@ThomasMarkov My experience was with a rogue and fighter in the party, so DW was pretty much the best spell in the bard's arsenal (at least early levels)

1:55 PM
> During your move, you may expend an amount movement equal to half of your speed to do one of the following: You can mount a creature that is within 5 feet of you, or, you can dismount a creature you are mounted upon.
Maybe that's more clear?
instead of "do one of the following", change it to "do one and only one of the following"

2:24 PM
@AncientSwordRage Thing is, generally you cannot use your movement when not your turn, excepting a triggered Ready... which uses your reaction. I mean, anything you do out-of-turn is a reaction, right? So I've always read this as hewing to that standard. "It's not your turn, but move anyway. Oh, yeah, that uses up your reaction."
@AncientSwordRage This one is famously confusingly-worded, IIRC.

@nitsua60 There's very little that's out of turn without being your reaction (not counting lair or legendary actions obvs)

@ThomasMarkov yeah that's better worded. I got what it said initially, but it felt like it was almost a garden path sentence, where I had to back track to repase the syntax tree
It took it as "that is (within 5 feet of you or dismount)" and had to re-read

3:29 PM
@ThomasMarkov I have an absolutely bonkers loophole for that dissonant whispers question

@AncientSwordRage letâ€™s hear it.

@ThomasMarkov I'm writing up an answer (that I expect to be downvoted), but as a teaser:
> One, possibly extremely generous, reading is that so long as the mount can move faster than you, you are compelled to dismount the steed, then remount it (using all your speed), allowing the steed to "move and act [...] on the turn that you mount it", and then you must direct it (which does not use an action or movement of your own) to move it's full movement away from the caster.

Pretty sure D&D isn't a poorly made platformer, you don't have to use your movement to stay on a mount
Also, the word move starting to lose its meaning reading that

@AncientSwordRage I donâ€™t get it lol

@ThomasMarkov the full answer is clearer
@Someone_Evil oh I agree this is a gross reading of the text

3:39 PM
How much movement could a mounted mount move if a mounted mount moved movement?
2

@ThomasMarkov 1) assume that the mount can move on the turn it's mounted, 2) you can dismount and remount the steed as part of the reaction granted by the spell, 3) directing the mount to move is allowed on turns other than yours.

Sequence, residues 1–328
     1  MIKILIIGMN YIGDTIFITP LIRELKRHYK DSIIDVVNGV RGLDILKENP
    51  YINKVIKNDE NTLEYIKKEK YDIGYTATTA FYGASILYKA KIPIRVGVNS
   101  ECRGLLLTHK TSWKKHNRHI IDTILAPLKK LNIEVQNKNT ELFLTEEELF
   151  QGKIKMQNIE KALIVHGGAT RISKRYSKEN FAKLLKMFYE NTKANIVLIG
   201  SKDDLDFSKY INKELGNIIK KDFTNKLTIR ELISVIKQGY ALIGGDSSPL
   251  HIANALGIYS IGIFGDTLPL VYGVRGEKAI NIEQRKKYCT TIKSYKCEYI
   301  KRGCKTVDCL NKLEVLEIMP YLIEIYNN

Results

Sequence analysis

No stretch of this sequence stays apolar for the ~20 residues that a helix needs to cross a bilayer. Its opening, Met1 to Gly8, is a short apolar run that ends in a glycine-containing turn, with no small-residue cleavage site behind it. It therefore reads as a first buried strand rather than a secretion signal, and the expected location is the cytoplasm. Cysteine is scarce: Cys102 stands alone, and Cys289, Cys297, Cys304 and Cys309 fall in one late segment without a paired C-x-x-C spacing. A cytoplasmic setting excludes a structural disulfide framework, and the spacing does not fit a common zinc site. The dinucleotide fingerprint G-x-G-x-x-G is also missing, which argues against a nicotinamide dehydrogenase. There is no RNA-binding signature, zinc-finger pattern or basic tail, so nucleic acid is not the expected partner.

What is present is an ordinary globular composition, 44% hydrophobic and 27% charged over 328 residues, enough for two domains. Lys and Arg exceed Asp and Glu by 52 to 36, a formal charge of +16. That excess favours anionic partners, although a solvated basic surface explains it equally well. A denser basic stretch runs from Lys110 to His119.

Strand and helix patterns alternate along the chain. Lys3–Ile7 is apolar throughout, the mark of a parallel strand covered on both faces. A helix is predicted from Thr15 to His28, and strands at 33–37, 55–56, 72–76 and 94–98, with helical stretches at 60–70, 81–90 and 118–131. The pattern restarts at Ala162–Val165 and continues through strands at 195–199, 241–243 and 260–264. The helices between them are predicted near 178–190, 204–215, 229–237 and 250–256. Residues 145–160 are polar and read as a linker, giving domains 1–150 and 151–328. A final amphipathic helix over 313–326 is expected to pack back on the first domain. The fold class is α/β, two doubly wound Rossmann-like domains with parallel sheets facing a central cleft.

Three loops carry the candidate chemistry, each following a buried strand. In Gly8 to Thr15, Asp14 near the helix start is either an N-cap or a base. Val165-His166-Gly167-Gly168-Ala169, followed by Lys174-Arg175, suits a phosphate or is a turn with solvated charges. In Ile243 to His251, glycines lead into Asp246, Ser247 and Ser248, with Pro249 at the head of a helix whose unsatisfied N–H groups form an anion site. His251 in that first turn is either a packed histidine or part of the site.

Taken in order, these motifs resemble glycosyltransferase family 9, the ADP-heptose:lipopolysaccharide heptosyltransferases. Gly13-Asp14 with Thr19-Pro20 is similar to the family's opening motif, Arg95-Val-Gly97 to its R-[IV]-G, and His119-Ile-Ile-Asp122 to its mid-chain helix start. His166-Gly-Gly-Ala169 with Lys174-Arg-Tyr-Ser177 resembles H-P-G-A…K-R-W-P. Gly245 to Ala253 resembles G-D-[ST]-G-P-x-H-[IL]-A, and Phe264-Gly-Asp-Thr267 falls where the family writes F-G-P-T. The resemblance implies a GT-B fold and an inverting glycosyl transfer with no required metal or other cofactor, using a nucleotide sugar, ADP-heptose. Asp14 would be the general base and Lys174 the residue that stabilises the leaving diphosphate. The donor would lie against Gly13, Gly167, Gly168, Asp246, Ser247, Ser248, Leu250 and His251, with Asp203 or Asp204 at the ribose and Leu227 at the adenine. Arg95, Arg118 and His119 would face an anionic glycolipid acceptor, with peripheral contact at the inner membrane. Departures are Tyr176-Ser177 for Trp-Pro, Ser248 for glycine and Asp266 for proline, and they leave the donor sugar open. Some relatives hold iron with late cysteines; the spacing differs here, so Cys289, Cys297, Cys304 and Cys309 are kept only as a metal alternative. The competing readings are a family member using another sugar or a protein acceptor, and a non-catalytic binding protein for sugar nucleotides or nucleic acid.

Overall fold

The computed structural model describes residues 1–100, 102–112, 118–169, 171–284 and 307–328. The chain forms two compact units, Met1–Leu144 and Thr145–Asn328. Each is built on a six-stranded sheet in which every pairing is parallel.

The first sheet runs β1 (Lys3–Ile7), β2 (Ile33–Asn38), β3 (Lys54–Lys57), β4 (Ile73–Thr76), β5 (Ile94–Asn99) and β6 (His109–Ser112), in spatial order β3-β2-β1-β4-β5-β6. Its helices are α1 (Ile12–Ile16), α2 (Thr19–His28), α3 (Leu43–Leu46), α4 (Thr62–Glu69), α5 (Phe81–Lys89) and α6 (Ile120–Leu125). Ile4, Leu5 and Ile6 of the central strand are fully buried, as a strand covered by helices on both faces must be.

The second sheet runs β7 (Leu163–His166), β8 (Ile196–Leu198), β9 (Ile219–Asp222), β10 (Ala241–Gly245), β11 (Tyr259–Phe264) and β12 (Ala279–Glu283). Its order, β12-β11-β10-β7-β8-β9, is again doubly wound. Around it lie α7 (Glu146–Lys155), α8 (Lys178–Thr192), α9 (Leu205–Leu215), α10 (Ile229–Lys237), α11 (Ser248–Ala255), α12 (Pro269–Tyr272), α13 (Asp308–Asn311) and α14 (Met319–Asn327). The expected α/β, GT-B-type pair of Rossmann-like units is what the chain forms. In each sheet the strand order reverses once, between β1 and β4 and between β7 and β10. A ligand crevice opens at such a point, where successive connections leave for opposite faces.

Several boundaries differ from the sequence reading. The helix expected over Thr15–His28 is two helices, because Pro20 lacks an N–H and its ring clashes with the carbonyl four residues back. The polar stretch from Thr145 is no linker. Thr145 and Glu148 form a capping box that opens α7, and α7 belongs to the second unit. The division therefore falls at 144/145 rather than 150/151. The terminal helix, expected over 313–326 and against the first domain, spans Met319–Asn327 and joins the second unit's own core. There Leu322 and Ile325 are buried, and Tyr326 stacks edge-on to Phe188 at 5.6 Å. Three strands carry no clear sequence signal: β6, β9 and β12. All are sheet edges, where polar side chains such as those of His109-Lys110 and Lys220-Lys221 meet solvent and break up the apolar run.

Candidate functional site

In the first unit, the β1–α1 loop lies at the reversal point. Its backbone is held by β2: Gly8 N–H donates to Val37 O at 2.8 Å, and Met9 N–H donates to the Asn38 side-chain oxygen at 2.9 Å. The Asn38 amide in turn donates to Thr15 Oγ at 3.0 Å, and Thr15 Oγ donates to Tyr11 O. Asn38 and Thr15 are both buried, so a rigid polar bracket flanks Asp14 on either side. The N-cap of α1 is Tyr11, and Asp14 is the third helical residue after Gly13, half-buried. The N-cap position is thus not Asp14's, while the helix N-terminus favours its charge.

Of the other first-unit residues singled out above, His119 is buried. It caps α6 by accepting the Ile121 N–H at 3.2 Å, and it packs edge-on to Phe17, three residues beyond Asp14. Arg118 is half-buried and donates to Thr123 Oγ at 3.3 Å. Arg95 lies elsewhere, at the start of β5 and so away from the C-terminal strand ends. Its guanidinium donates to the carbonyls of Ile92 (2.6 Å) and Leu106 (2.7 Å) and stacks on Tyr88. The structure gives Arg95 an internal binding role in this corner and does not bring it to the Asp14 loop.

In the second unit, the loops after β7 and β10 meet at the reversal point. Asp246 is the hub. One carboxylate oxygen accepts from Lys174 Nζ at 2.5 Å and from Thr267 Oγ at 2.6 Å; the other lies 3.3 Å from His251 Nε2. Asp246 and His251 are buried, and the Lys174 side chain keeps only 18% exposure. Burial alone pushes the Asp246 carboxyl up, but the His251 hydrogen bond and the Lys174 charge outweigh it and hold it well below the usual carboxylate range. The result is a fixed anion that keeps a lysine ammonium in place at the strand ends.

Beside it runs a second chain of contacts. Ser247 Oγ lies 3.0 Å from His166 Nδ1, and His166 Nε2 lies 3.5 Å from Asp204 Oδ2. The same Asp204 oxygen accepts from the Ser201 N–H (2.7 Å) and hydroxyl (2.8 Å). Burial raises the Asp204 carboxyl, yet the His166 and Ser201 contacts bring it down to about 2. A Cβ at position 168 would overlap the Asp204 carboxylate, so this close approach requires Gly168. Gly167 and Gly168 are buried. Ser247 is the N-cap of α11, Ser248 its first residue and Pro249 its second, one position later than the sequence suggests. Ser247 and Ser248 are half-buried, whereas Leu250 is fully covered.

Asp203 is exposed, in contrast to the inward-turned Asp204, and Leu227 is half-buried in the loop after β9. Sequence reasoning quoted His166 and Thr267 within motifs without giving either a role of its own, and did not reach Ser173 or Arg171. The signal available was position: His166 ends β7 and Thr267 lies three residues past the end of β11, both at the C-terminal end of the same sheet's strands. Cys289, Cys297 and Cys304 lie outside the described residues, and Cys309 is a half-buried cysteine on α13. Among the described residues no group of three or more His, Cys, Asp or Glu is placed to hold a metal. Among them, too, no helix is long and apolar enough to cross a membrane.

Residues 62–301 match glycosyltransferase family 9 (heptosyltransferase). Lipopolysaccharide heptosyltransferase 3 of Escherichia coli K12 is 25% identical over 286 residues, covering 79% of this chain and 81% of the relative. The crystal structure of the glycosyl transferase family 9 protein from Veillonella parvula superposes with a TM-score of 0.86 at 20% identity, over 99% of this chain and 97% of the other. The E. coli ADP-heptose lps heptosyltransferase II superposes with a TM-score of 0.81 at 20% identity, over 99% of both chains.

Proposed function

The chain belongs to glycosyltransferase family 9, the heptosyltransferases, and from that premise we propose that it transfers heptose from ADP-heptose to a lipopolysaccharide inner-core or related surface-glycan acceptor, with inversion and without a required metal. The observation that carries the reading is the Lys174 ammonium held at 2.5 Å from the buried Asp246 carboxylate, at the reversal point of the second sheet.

Start with 30ft of movement -> dismount (15ft left) -> re-mount (0ft left) -> direct mount to move more than 30ft
> How much movement could a mounted mountie's mount move if a mounted mountie's mount moved its full movement?

IIRC there's a prone thing about being forced of mounts, but that probably isn't applicable here, is it?

3:59 PM
@Someone_Evil I don't think so, as this isn't forced movement?
@ThomasMarkov is it clearer now?

4:21 PM
@AncientSwordRage I commented on the answer...but there is a problem with the loophole from what I can see. Can you dismount and mount while moving "away" from the caster? (ie if you dismount on the side the caster is on, then you are moving "towards" the caster, similarly for mounting)
The spell requires you to move away, and use all of your movement to do that

@illustro You use all of your movement by mounting and dismounting. The fact that the mount being directed to move is irrelevant to the spell text by my loophole-abusing reading

@AncientSwordRage No, I'm talking about the actual mechanics of mounting and dismounting. When you are not mounted, you have to occupy a space that is not occupied by the mount
By either getting on or off the mount you are moving from (or to) that space
Put another way, the mount is not a zero width thing that you, as a rider can occupy the space of

4:43 PM
This is one case where the somewhat peculiar wording of the spell ends up helping. The odd wording "move as far as its speed allows" means that the target can do anything they need to that involves spending movement, such as dismounting or standing up from prone in order to run away. — Ryan C. Thompson 57 mins ago

4:58 PM
12

A bard casts Dissonant Whispers (PHB, p. 234) on a monster (diagram below). The monster has to choose between 2 paths. The left path is "safer" than the right path since his allies are that way but the right path led him a little farther from the bard. Can the monster (A drow in armor and mid m...